Big Spider's Back (aka Yair Rubinstein) returns in bold fashion with Beverly Centaur, an expansive 9-track album of transportive analog tech-house jams due out digitally and on cassette tape April 28th via Seattle labels Hush Hush Records.
It's been three years since the Durham, North Carolina-based electronic producer unveiled Ssoft, a transitional EP that fully showcased his love for classic melodic techno and propulsive house rhythms filtered through a radiant, colorful, and kaleidoscopic prism. Stray singles and a few remixes have trickled out since then, yet during this interim there was never any specific intention to create an album. The songs that were composed and eventually recorded for Beverly Centaur began simply as a coping mechanism for the personal turmoil he was going through at the time. In an effort to escape the heavy emotional energy he was experiencing, Yair started to engage with his synthesizers. As the artist states, "What became Beverly Centaur started out simply as a therapeutic way to ease my psyche. Nothing more, and nothing less."
Rather than allowing the music to become consumed by the tropes of the confessional album, Yair instead embraced the idea of the album simply reflecting a snapshot of his life during the time it was made. These sonic photographs ultimately yield a unique autobiographical record, but devoid of any overt message to send the listener. Instead, its instrumental-heavy nature exudes an overarching escapist tone in its driving rhythms and sun-kissed melodies. This includes the lone vocal-laced track ("Solarium" featuring Seattle duo USF), a half-finished collaboration from nearly a decade ago that was finally realized for this album.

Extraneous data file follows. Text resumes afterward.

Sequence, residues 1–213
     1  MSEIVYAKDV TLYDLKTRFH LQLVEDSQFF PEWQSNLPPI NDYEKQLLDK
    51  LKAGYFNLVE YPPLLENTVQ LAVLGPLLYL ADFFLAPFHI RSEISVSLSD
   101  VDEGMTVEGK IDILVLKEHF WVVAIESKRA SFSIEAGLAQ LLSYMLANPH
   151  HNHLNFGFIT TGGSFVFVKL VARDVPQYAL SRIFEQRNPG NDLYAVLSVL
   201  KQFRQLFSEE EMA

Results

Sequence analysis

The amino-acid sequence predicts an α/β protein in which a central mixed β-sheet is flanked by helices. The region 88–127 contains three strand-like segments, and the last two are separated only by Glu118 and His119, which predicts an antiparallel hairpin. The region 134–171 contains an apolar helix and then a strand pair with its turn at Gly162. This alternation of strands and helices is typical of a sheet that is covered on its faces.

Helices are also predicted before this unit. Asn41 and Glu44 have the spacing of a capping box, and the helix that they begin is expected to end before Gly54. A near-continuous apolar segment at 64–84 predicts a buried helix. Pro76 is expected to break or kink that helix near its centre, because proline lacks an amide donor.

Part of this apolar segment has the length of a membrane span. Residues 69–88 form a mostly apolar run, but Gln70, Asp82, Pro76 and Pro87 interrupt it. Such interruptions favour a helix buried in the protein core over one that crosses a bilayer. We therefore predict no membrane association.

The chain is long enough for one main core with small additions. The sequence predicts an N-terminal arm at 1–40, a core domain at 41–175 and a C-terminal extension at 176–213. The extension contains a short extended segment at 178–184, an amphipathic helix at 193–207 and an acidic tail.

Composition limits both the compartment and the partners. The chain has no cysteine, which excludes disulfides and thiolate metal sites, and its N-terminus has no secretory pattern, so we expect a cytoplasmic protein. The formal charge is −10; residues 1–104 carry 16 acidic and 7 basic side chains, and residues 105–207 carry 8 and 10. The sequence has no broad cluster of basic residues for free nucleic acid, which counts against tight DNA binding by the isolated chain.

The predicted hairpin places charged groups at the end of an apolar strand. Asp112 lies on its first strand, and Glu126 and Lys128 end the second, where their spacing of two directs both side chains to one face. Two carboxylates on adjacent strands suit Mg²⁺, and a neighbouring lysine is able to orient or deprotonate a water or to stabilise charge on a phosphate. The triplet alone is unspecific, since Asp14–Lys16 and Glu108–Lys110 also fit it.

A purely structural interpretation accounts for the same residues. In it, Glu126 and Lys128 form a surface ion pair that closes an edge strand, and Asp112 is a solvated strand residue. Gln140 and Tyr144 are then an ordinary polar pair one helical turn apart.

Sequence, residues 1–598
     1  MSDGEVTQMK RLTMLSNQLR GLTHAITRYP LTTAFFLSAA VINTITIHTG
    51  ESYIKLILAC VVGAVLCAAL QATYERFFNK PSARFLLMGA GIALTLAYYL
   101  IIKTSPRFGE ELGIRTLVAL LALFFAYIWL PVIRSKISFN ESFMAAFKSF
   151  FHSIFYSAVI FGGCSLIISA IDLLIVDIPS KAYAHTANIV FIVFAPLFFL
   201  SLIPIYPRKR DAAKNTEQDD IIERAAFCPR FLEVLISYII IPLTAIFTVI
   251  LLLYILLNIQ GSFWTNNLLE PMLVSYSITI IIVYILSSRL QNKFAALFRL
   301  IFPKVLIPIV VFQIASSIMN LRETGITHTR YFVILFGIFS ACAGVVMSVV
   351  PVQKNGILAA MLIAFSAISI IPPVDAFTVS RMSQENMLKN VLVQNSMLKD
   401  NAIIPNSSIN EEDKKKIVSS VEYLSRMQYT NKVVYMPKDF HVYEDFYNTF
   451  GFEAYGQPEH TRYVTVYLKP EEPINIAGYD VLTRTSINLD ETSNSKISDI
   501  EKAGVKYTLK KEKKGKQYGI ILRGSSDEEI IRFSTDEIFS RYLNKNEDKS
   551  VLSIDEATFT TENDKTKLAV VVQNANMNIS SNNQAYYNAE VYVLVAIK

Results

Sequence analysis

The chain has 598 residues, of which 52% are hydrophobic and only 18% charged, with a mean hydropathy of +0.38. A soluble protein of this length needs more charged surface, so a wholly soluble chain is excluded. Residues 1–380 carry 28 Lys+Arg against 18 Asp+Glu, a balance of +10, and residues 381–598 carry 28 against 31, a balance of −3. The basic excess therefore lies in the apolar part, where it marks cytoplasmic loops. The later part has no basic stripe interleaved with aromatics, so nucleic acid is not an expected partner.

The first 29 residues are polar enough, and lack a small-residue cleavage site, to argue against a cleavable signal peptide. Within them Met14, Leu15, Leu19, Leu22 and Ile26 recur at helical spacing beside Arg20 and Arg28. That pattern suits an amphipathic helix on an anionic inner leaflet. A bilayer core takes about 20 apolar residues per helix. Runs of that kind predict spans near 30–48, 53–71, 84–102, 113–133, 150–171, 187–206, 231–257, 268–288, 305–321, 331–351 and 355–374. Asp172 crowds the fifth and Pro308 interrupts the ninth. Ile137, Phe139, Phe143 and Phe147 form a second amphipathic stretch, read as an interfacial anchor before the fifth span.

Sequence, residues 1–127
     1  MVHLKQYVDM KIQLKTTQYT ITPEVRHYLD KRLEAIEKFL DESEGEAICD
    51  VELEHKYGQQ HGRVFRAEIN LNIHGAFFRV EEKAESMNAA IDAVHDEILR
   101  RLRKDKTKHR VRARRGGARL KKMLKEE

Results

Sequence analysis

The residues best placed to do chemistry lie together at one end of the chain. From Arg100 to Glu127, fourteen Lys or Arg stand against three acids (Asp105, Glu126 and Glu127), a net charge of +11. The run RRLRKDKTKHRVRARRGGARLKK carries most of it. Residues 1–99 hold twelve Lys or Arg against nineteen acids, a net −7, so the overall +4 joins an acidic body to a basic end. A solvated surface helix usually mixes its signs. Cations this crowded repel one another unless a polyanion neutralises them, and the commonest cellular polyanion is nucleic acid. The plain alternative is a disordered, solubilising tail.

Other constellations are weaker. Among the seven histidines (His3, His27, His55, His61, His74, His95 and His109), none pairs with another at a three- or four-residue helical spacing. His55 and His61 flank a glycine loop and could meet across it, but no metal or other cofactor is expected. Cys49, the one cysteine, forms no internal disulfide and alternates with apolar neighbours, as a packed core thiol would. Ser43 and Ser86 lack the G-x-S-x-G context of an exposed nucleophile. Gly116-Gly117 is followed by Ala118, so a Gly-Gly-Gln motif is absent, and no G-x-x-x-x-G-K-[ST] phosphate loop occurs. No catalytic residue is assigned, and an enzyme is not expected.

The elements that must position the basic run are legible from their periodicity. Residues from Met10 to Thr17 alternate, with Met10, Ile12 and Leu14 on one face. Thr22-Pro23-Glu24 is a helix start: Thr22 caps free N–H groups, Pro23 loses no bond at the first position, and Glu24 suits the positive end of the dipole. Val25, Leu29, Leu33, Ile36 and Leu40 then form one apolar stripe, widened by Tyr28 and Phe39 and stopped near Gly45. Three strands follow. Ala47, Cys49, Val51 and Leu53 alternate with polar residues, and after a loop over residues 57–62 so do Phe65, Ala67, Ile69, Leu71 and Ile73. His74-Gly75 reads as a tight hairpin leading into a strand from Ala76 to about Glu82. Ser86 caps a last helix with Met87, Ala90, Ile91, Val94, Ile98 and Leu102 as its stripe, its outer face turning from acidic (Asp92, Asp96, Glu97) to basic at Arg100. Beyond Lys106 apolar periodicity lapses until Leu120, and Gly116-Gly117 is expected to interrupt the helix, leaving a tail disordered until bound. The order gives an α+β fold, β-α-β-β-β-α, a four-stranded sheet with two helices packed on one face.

Elaborating more on the ideas behind the record, Big Spider's Back states, "Beverly Centaur is more of a concept album about the weird combination of torpor and twitchiness that characterizes the feeling of insomnia, the somnambulant psychosis you feel when you don't sleep for days at a time. It's a state that somehow resides simultaneously between the sobering feeling of eternal daylight, and the psychedelic haze of never feeling fully awake or fully present." In effect, this album is designed to mirror how it feels to pass between the liminal states of sleepiness and sleeplessness, while simultaneously setting forth an album tailored to get lost in the bliss of an adventurous dancefloor, escape your thoughts during a headphone session, or simply drift away with to escape the weight of emotional inertia.